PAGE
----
Updated: Aug 18
Here is how badly a business can be organised. Let's say you wanted exterior cement board for a construction project. You are a trade customer at Travis Perkins, for some unknown reason they have discontinued stocking the product (Even though as a professional trade building product supplier, it is a basic standard product) so you find that Wickes has an equivalent product and is part of the same group as Travis Perkins. You look online and it is in stock. You go through the whole online order process only to find out at the very end that it is not in stock.
So, it's in stock and not in stock.
So you call their friendly customer care line.
The 'press number' options don't work correctly, although magically when you press '1' for place an order it does work.
So you tell customer care that you'd care to have some product, and that the website shows that it has product and then doesn't have product.
You're informed that the postcode that you want delivery to, is connected to the local branch and they don't have any stock. Hence, you can't have it delivered, and you can't click and collect there, AND you need to call that local branch to discuss with them when they're to be restocked.
So you call the local branch and they never answer the phone.
The question really is - Why don't Wickes have a central warehouse and distribute product to local branches when it's ordered online? It would appear that local branches are being run as profit centres and losing synergy benefits. Business is more than cost, while they look to reduce costs they consequentially lose sales, business profitability is a function of Margin (Sales-Costs) x Volume.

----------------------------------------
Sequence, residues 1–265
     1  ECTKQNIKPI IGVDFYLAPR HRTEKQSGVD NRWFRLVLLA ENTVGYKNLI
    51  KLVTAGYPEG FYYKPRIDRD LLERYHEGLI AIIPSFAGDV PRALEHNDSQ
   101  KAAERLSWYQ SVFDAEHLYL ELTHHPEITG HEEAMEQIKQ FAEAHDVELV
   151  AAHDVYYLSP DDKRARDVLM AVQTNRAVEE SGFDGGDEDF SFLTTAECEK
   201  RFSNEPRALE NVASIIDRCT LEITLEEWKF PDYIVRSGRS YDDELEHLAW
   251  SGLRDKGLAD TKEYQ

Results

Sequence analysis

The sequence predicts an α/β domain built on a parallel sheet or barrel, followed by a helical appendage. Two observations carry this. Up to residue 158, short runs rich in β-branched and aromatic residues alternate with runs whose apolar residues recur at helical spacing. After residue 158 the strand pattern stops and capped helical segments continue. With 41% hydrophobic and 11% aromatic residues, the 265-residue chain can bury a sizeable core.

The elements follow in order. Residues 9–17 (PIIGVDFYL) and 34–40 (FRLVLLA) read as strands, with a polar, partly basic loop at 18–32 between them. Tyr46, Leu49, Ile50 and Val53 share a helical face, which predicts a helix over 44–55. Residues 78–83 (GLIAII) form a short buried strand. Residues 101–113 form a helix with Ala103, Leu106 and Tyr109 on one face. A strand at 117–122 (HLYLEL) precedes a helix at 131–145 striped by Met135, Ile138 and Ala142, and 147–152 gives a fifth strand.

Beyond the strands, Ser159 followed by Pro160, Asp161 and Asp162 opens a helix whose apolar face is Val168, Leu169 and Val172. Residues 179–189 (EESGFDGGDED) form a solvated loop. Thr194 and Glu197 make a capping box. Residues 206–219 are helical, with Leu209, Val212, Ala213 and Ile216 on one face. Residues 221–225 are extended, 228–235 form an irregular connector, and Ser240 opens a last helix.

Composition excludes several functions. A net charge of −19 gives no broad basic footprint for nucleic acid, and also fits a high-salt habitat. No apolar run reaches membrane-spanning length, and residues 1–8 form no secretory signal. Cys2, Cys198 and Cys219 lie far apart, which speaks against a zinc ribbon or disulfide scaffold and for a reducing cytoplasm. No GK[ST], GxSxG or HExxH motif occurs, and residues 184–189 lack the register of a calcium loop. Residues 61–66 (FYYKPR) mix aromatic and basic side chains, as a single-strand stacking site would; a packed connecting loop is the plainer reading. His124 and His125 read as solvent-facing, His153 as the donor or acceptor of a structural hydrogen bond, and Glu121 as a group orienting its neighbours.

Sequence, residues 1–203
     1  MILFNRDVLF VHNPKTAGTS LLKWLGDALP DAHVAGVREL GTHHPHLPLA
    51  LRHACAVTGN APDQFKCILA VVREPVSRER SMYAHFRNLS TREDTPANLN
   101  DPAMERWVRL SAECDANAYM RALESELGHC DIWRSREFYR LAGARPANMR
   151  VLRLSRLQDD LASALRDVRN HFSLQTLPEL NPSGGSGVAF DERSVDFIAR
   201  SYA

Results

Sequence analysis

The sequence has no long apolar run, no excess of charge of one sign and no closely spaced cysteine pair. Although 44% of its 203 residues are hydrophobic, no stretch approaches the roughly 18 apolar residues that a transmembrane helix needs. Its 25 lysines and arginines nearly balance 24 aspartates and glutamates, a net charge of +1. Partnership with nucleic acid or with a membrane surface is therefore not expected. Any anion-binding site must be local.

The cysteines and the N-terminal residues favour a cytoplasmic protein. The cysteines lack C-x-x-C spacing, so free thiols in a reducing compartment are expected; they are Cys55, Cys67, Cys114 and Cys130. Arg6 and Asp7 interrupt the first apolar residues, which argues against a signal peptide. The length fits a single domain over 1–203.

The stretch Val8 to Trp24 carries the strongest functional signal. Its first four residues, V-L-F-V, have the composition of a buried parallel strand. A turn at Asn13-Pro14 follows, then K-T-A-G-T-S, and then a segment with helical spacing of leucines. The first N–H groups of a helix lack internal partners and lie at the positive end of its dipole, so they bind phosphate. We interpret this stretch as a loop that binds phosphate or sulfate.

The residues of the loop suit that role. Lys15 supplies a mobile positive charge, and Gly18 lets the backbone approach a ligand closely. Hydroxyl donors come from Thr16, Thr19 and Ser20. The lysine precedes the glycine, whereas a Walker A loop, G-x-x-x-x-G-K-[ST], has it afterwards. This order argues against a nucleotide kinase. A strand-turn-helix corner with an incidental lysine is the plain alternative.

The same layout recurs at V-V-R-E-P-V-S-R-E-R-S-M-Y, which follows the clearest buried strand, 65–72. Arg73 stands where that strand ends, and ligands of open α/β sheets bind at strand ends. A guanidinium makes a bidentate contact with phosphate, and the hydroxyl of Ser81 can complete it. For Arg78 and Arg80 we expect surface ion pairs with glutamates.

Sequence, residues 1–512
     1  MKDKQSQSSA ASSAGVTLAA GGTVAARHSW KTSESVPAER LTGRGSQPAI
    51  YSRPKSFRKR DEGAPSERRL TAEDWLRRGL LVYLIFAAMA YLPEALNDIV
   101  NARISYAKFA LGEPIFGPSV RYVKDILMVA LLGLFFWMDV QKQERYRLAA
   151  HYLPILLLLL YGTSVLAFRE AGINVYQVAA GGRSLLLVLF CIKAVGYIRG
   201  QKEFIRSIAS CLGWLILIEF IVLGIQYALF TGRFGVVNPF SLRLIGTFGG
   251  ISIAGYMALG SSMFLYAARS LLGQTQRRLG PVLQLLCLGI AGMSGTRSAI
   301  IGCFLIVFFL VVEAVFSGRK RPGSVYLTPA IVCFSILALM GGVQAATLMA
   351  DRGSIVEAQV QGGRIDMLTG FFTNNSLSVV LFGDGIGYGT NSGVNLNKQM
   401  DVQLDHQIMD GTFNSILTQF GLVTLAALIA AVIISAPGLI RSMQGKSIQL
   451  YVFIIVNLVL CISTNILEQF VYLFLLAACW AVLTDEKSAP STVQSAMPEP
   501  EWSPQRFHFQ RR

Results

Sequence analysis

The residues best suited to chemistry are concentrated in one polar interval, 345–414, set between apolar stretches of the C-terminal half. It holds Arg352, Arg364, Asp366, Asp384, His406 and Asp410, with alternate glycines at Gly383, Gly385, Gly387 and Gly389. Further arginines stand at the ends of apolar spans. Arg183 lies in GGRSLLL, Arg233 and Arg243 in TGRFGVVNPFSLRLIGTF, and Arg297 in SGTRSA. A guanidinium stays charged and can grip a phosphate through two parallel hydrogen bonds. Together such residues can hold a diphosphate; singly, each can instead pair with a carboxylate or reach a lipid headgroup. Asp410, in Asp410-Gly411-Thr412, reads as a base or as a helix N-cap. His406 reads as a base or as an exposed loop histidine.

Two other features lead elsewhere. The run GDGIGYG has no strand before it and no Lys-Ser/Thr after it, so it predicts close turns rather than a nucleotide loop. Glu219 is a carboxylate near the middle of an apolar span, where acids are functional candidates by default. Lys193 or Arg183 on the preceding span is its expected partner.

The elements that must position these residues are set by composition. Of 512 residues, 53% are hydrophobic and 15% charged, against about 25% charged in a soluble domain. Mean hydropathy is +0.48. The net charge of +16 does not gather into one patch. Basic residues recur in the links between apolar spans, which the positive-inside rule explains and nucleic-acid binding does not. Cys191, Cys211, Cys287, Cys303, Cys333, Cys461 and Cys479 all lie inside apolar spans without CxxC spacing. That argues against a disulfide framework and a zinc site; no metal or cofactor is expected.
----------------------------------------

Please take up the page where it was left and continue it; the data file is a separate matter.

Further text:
Given the problem origination started with Travis Perkins I'll talk further about them.
Firstly, why wasn't a basic generic stock item available to be ordered online? and furthermore why was the similar product a 'discontinued line' when in fact its group related company Wickes does stock it? Travis Perkins is supposed to be, and historically was for professional builders / developers.
The second aspect is the configuration of their trucks for delivery. In certain parts of the country they should almost certainly have half truck sizes with a hydraulic arm. In the South West there are many small villages with narrow roads. If you cannot deliver to site then I'll find a smaller supplier who can.
A third aspect is the quality of their merchandise. Often the quality of non branded items is inferior to even Screwfix which is orientated to the home handyperson and is far cheaper. Travis Perkins should look closely at Selco who understand trade builders and who obviously have people closely connected with the trade undertaking procurement. Buying cheap generic product from China and flogging it to Trade Professionals rapidly loses credibility. Nb: Toolstation is part of the same group as Travis Perkins / Wickes yet often their products are better than Travis Perkins which shows they have a different and more able procurement team.
Finally, there are smaller alternatives in building suppliers, and they will continue to gain market share while large suppliers fail to offer effective solutions. Large suppliers should have the advantage of huge product ranges from central warehouses that can cater for every need on a small/medium construction project. This is their source of competitive advantage, yet they are failing to harness it.